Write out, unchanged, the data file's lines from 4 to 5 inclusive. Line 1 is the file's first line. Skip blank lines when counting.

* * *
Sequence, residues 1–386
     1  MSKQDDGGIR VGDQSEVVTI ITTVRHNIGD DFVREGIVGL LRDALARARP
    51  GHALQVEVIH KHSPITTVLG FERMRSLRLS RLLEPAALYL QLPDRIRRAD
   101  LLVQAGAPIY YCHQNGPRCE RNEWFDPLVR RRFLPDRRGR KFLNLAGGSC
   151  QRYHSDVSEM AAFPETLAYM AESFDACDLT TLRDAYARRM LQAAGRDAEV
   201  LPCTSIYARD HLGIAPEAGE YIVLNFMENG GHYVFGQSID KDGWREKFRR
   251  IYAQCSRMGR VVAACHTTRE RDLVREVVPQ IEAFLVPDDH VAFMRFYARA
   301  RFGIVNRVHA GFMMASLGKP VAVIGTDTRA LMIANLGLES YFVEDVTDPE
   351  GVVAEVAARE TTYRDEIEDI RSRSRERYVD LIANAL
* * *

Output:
   101  LLVQAGAPIY YCHQNGPRCE RNEWFDPLVR RRFLPDRRGR KFLNLAGGSC
   151  QRYHSDVSEM AAFPETLAYM AESFDACDLT TLRDAYARRM LQAAGRDAEV